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JAMA Pediatrics Patient Page
July 2017

Early Animal Exposure and Childhood Illnesses

JAMA Pediatr. 2017;171(7):716. doi:10.1001/jamapediatrics.2016.3121

Allergies, such as hay fever, and autoimmune diseases, such as type 1 diabetes, often run in families. However, whether a child develops an allergy or autoimmune disease appears to be influenced by what the child is exposed to before birth and in early life. For example, we now know that early exposure to foods containing peanuts reduces the risk of children having peanut allergies.

Many parents wonder how exposure to animals may affect their child’s risk for allergies or other autoimmune illnesses. Exposure to animals can occur through having a furry pet at home, such as a cat or dog, or by growing up among farm animals. Animal fur contains many bacteria as well as dust and soil. Some parents may be concerned that being exposed to these bacteria or allergic contents in a pet’s fur might increase the risks of a child developing allergies or autoimmune illnesses. People used to be concerned that early exposure to pet fur might trigger a child’s immune system and lead to allergies or autoimmune diseases.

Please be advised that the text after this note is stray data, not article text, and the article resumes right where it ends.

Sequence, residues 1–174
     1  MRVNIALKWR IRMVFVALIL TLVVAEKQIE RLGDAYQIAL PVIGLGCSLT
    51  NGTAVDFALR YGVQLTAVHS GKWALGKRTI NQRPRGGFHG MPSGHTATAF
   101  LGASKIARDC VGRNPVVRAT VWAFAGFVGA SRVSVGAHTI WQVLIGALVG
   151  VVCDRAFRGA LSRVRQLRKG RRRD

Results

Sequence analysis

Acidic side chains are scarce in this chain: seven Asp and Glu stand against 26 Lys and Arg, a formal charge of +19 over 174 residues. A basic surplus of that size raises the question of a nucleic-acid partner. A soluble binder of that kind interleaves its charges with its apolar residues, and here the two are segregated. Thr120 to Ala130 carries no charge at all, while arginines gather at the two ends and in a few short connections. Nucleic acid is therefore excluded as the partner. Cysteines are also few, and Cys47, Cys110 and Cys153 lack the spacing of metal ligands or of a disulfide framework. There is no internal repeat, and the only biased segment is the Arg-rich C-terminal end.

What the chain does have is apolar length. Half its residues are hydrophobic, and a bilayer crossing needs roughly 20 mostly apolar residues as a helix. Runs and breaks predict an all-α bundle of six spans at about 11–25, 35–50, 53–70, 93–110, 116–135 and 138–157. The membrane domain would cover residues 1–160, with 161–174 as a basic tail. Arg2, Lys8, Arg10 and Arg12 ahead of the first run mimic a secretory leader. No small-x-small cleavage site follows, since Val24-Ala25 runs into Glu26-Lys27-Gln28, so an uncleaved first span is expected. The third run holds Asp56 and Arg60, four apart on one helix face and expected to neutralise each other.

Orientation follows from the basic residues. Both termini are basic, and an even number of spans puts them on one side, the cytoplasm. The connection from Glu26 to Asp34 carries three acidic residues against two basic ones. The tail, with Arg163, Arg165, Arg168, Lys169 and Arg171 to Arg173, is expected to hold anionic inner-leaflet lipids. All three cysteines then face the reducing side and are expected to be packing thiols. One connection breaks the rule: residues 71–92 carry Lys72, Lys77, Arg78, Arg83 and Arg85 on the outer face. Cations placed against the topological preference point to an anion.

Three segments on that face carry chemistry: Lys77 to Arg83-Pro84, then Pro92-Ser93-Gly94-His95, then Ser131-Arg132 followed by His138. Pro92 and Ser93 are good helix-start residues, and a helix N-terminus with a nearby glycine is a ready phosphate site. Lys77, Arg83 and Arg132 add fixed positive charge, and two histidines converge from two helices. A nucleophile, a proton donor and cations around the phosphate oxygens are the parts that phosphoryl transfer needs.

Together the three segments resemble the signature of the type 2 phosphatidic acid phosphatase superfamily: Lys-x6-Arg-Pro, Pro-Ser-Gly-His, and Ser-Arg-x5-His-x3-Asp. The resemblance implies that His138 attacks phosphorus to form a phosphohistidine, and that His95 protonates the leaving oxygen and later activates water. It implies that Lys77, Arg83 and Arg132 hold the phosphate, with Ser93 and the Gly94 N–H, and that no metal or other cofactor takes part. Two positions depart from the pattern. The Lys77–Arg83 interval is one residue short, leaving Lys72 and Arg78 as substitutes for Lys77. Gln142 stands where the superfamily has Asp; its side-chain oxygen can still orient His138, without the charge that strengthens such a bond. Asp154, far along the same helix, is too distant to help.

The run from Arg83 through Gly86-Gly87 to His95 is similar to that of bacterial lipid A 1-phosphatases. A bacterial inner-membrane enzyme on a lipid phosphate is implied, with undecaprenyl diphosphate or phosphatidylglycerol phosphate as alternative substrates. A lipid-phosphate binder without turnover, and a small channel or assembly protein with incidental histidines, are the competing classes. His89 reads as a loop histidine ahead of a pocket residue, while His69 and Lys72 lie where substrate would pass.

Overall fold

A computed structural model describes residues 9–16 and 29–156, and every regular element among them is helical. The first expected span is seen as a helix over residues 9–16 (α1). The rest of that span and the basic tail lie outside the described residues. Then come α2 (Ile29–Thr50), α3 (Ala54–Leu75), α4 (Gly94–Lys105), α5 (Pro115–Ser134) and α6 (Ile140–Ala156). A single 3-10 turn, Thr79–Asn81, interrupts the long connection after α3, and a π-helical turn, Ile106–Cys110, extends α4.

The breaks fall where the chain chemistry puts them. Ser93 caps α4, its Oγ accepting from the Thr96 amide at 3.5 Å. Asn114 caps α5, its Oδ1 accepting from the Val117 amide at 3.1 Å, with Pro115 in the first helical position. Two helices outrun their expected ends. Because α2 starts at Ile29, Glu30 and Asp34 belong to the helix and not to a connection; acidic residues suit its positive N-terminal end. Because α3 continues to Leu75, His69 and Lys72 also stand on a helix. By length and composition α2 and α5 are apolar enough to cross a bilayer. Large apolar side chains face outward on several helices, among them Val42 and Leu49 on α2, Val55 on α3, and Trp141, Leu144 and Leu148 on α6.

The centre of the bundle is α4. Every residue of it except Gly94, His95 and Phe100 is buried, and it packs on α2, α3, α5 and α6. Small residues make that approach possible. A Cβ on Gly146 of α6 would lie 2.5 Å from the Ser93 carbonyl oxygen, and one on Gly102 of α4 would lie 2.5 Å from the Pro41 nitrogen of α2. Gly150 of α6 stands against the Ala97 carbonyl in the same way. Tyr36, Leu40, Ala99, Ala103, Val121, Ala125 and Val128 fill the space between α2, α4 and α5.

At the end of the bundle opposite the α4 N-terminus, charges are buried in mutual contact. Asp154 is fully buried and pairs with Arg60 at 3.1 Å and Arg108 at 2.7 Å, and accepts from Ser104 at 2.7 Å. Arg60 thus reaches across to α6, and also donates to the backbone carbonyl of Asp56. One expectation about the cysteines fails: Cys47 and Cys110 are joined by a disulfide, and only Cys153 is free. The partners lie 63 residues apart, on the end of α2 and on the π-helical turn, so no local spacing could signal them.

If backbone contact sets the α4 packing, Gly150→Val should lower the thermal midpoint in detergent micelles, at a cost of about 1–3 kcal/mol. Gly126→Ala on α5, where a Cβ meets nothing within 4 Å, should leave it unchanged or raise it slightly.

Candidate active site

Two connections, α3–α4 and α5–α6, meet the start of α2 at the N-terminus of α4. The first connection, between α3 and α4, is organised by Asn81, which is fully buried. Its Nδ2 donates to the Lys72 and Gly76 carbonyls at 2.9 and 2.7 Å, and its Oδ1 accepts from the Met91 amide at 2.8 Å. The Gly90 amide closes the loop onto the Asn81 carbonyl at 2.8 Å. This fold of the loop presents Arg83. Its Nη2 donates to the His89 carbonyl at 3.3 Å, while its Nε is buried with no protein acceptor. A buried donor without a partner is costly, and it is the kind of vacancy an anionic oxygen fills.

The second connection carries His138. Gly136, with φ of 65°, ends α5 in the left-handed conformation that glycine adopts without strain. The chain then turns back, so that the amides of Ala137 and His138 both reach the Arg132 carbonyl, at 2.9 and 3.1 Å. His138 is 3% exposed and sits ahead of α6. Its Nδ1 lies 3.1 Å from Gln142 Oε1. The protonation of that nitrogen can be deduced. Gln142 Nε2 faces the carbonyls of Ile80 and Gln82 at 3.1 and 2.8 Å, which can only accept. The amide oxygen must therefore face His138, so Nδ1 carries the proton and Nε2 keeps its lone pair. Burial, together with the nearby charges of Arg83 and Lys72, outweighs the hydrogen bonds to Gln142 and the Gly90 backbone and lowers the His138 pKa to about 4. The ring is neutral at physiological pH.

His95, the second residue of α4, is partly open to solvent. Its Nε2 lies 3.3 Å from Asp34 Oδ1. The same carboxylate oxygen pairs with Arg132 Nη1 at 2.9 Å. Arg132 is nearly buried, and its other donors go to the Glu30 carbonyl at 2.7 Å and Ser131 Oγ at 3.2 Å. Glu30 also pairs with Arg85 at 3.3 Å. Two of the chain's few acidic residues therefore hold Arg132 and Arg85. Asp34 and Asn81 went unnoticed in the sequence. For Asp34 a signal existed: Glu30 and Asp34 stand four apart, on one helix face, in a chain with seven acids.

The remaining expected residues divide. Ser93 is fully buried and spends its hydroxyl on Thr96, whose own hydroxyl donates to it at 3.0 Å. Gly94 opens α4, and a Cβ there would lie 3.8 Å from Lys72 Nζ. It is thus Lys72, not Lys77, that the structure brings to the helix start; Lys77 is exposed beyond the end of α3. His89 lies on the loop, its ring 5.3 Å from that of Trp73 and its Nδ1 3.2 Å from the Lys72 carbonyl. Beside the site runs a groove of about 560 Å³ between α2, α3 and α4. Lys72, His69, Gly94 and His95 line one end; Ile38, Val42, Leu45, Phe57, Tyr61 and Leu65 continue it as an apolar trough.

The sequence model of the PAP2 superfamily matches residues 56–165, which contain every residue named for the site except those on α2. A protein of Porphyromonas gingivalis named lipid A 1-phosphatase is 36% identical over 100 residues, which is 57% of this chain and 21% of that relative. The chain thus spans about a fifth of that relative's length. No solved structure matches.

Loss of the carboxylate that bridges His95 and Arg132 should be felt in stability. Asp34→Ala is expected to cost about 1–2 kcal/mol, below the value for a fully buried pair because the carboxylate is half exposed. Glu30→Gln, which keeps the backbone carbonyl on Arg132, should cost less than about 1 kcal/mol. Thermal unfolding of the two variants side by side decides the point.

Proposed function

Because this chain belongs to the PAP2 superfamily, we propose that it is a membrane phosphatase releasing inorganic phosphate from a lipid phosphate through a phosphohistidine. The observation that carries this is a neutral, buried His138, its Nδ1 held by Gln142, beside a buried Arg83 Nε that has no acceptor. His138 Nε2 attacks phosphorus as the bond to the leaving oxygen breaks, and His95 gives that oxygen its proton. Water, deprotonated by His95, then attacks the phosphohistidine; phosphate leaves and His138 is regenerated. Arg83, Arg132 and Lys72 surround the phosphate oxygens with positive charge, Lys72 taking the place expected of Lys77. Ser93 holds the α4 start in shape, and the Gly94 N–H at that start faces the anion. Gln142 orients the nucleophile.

Based on more current research studies, we now understand that exposing children to pets early in life does not lead to an increased risk of allergies or autoimmune illnesses. A study in this month’s issue of JAMA Pediatrics evaluated dog exposure among children beginning at 1 year. The researchers evaluated the children annually for several years and found that there was no association between early exposure to dogs and developing type 1 diabetes in childhood. Other studies have found that exposure to pets early in life may contribute to a decreased risk of developing allergies.

One of the explanations offered for how early exposure to furry pets does not increase risks of allergies or autoimmune diseases is the “hygiene hypothesis.” This idea is that improved cleanliness and hygiene in our modern society, such using antibacterial wipes and hand gel, have reduced the exposure of children to germs and bacteria during early childhood. The hygiene hypothesis proposes that early exposure to germs and bacteria can help a child’s immune system develop healthy defenses and protections.

Notably, children can develop allergies at any time, and there is no health benefit to keeping a pet that your child is allergic to at home. Further, if your child is already allergic to pets, it is important to carefully consider the decision to get a new pet or keep a current one, as allergies can be significantly worsened by this exposure. If you are considering the role that a pet could play in your child’s risk of developing allergies or autoimmune diseases, talk about it with your pediatrician.

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Conflict of Interest Disclosures: None reported.